Category Archives: Fan Films

Axanar: It’s settled!

Read the entire article, which is VERY interesting and has many ramifications for fandom here.

Table of Contents for the article on Axamonitor:

These are the bits I thought would most interest our membership, following the discussion we had at one of our meetings.

With its January 31, 2017, copyright infringement trial just 11 days away, Axanar producer Alec Peters settled with plaintiffs CBS and Paramount Pictures.

Sources connected to CBS told AxaMonitor that Peters is allowed under the settlement to make two 15-minute films that must adhere to the fan film guidelines announced by CBS in June 2016.

The settlement allowed Axanar to keep Prelude available on YouTube, commercial-free. It can also be exhibited at fan conventions, film festivals and non-commercial events. It cannot ever be shown at official Star Trek conventions.

So, bottom line:  Fan films are supposed to be made by fans!

MonSFFA’s Plant 9 and The Moxie Conspiracy now on line

The first MonSFFilm projects released were Ed Wood projects Plant 9 from Outer Space and the Fed-Ex Files: The Moxie Conspiracy.

They were made at the turn of t he century, and not up to later standards , but good fun was had by all who participated. Apparently, good fun was also had by our viewers as the tapes sold out! When Graham Darling appeared at the Con*Cept Masquerade in his business suit (This is not the consuite) the hall erupted in laughter.  It sees everyone at the con was already familiar with the running gag!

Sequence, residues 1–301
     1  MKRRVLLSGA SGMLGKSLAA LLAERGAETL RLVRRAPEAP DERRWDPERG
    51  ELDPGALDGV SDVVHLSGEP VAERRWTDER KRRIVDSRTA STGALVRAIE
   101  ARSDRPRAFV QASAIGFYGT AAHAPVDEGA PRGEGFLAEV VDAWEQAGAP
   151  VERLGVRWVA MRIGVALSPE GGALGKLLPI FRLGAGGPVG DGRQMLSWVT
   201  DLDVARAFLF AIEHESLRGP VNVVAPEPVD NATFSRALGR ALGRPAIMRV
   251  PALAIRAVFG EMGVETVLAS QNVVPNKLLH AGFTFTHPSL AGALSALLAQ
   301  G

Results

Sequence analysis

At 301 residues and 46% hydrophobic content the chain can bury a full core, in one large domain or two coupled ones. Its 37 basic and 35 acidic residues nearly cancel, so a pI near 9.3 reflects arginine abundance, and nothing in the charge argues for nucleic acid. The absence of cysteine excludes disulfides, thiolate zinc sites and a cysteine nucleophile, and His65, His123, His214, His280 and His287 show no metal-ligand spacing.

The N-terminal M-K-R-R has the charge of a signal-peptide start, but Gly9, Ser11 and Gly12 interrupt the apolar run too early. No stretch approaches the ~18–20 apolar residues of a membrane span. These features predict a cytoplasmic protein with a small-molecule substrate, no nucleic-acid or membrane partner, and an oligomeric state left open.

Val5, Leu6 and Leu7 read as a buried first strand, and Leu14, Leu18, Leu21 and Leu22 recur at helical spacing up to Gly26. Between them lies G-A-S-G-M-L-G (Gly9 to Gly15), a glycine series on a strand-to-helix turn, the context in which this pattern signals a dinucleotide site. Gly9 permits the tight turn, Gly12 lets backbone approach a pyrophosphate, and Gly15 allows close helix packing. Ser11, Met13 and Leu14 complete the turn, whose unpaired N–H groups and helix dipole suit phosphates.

We have now transferred the VHS to digital and uploaded them along with teasers to Youtube.

For more information, and the URLs to the movies, CLICK HERE.

 

Axanar: Some guys don’t know when to quit

Even after J.J. Abrams told the world on May 20 that Paramount and CBS would drop their lawsuit against Axanar fan filmmaker Alec Peters, legal maneuvering and controversy has continued — initiated by Axanar.  File 770 has an excellent review of the situation as it stands today.

A round up of fan productions and the stands they are taking: http://axamonitor.com/doku.php?id=guidelines_backlash

I know a number of MonSFFen are fans of New Voyages and might want to know where they stand. James Cawley was invited by Peters, but declined to participate. He’s staying the heck out of it. Smart man.

If you are on FB, check these out.  I had no idea there were so many fan productions, and apparently high standards, too.

https://www.facebook.com/STExcelsior/?fref=nf

https://www.facebook.com/StarbaseStudios/?fref=nf

https://www.facebook.com/Starship-Valiant-151123951763551/?fref=nf

https://www.facebook.com/startrekambush/?fref=nf

 

 

FanFilms & Fanfiction: Paramount vs Axanar, Game of Thrones

Paramount dropped its lawsuit against  Alec Peters, maker of the Axanar fan films. But Ananar is not quite out of the woods yet, and Paramount is creating a fan film guide–something that should have been done years ago, but back then we all knew fan films did not hire professional actors to reprise their original roles, sell merchandise, tabletop games, their own convention, and so forth.